The Movie Waffler Blu-Ray Review - DOOM ASYLUM (1987) | The Movie Waffler

Blu-Ray Review - DOOM ASYLUM (1987)

An undead car crash survivor butchers a group of youngsters.

Review by Eric Hillis

Directed by: Richard Friedman

Starring: Patty Mullen, Ruth Collins, Kristin Davis

Many of our stars got their careers off to a start in low budget horror movies they've since excised from their CVs - Leonardo DiCaprio (Critters 3), Jennifer Aniston (Leprechaun), Matthew McConaughey (Texas Chainsaw Massacre: The Next Generation), Tom Hanks (He Knows You're Alone), Amy Adams (Psycho Beach Party) and Julia Louis Dreyfus (Troll), to name a few. It riles devoted fans of schlock that the aforementioned stars are unwilling to acknowledge the role the horror genre played in their fledgling careers, but I don't think anyone would begrudge Sex and the City star Kristin Davis for avoiding any mention of her role in 1987's slasher snoozefest, Doom Asylum.


Arriving at the smoked out roach end of the '80s slasher craze, Doom Asylum opens with the obligatory flashback establishing the origins of its killer, with a car crash victim rising from the dead to butcher his coroners, taking over the asylum facility (why are car crash victims being brought to an asylum for their autopsies?) and seemingly hanging out undisturbed for the next decade until a generic group of youngsters arrives unannounced.

Said group is made up of the classic slasher clichés. There's the bookworm (Davis), the bikini babe (Patty Mullen), the dumb jock (William Hay), the nerd (Kenny L. Price) and the token black guy (Harrison White). You don't need a PhD in racial representation in the 1980s horror movie to guess who gets it first. Also present are three female members of a proto Pussy Riot activist girl group, seemingly so the film can poke some fun at feminists.


It doesn't take much to surmise that Doom Asylum was conceived chiefly because the filmmakers had access to what they considered an interesting shooting location, in this case an actual abandoned asylum. However, it's been so long abandoned that it bears no physical resemblance to a sanitarium, and might just as well have been an abandoned fish processing plant. Atmospheric it ain't, but the bulk of the film consists of characters wandering its many corridors while we wait for them to die a brutal death.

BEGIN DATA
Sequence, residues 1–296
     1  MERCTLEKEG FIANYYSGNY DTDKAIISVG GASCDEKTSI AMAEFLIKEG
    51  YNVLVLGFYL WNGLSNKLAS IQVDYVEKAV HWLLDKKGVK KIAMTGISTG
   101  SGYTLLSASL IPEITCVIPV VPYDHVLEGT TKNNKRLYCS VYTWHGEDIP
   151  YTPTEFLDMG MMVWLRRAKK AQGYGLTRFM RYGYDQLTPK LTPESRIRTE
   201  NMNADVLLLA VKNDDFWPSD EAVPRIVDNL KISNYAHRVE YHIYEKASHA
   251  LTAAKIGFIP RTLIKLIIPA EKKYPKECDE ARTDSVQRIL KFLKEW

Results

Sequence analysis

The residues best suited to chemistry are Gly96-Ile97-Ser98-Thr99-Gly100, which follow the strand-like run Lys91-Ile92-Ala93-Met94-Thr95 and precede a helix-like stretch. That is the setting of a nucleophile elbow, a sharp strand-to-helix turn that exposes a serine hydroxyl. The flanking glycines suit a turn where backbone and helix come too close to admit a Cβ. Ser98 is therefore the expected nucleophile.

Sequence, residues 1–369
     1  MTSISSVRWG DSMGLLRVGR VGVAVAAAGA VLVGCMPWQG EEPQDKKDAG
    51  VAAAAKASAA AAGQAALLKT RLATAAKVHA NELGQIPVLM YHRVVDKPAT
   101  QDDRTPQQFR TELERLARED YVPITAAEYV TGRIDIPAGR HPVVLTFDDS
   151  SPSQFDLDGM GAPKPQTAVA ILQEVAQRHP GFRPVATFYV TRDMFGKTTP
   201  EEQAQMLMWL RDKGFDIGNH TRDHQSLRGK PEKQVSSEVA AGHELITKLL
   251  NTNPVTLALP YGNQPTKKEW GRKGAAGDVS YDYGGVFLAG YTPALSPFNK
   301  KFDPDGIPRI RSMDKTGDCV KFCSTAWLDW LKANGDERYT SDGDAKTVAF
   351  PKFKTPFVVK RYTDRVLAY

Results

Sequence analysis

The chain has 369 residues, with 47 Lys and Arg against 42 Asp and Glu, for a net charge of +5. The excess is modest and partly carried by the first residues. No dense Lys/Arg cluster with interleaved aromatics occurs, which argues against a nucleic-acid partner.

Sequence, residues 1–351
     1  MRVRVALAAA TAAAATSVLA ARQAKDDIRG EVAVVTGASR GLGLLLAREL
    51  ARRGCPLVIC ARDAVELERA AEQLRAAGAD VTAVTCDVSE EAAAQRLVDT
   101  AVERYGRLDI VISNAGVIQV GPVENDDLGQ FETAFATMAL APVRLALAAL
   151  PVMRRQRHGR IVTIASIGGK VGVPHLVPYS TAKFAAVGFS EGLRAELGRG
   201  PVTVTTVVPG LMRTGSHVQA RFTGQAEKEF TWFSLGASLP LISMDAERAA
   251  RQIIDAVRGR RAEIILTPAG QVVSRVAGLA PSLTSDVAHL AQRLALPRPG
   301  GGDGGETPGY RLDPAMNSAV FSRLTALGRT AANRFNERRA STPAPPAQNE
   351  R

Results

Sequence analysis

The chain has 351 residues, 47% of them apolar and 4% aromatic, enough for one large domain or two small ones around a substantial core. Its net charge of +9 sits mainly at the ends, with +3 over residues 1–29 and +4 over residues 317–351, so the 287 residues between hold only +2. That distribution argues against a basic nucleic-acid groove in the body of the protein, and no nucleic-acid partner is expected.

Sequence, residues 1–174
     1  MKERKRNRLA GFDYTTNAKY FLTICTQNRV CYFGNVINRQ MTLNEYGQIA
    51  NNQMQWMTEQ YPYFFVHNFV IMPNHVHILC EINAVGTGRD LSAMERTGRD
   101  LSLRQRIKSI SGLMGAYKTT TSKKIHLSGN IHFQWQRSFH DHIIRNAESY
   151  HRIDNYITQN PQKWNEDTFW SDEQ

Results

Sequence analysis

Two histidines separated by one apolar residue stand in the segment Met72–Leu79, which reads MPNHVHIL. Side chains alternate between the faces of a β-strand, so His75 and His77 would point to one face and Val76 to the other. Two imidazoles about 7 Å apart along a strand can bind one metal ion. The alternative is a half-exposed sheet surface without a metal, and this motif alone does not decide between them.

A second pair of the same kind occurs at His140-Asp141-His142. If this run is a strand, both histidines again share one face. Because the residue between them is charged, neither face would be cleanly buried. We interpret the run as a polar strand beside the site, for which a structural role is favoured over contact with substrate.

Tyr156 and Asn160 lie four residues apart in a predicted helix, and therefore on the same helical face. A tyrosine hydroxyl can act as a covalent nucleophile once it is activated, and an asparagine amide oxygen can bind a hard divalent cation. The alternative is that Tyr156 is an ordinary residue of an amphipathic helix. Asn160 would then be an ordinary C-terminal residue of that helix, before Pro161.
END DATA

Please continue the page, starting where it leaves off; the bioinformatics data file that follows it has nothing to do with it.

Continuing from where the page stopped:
The target audience for Doom Asylum will be undemanding gorehounds, but while the rubbery FX courtesy of Vincent J. Guastini have a certain nostalgic charm, director Richard Friedman is no Lucio Fulci, staging his kills in the blandest fashion imaginable. None of the victims put up much of a fight, often holding still for their killer as if they're having dental work done rather than having their brains drilled into.


Thankfully, Doom Asylum clocks in at a mercifully short 77 minutes, with about 15 minutes of the running time padded out by clips from the films of Tod Slaughter, viewed on a TV set by the film's undead killer - seems despite the asylum being abandoned, someone's still paying the electrical bill. If you've seen Slaughter's 1930s b-movie melodramas, it's probably been through nigh on unwatchable public domain prints on YouTube or on cheap DVD compilations, so it's nice to see snippets of his work in sparkling hi-def here. Perhaps Arrow Video could treat us to a Tod Slaughter boxset in the future?

Commentaries from screenwriter Rick Marx and podcasters The Hysteria Continues; new interviews with actress Ruth Collins, director of photography Larry Revene and make-up effects creator Guastini; archival interviews with producer Alexander W. Kogan Jr., director Friedman and production manager Bill Tasgal; stills gallery; and a collector’s booklet featuring new writing by Amanda Reyes.

Doom Asylum is on blu-ray now from Arrow Video.